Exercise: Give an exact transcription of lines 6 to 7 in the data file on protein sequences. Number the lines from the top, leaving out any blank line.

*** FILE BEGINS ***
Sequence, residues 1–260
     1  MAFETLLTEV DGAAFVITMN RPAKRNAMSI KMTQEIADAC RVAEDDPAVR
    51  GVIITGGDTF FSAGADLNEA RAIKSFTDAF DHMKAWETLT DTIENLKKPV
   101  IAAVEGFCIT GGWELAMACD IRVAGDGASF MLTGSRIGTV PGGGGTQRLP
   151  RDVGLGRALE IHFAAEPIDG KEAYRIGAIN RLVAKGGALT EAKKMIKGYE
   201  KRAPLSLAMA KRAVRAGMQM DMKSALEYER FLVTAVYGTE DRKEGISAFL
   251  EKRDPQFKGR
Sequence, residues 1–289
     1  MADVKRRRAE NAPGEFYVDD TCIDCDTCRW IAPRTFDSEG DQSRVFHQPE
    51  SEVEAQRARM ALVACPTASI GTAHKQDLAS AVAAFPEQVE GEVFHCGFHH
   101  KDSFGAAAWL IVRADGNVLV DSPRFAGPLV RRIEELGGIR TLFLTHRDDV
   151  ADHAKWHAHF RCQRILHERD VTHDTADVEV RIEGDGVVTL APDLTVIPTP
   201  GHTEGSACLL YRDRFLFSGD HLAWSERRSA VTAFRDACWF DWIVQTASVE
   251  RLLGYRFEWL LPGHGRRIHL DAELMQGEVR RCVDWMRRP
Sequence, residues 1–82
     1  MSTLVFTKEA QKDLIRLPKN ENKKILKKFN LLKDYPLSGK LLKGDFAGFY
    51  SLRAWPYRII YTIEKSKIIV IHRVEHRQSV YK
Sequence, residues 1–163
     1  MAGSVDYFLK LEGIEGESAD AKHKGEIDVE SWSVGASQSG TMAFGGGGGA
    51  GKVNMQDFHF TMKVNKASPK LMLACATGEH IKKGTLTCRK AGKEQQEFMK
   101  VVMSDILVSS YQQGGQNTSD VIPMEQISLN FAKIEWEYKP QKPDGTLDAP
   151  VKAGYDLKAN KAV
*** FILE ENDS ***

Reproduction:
   201  KRAPLSLAMA KRAVRAGMQM DMKSALEYER FLVTAVYGTE DRKEGISAFL
   251  EKRDPQFKGR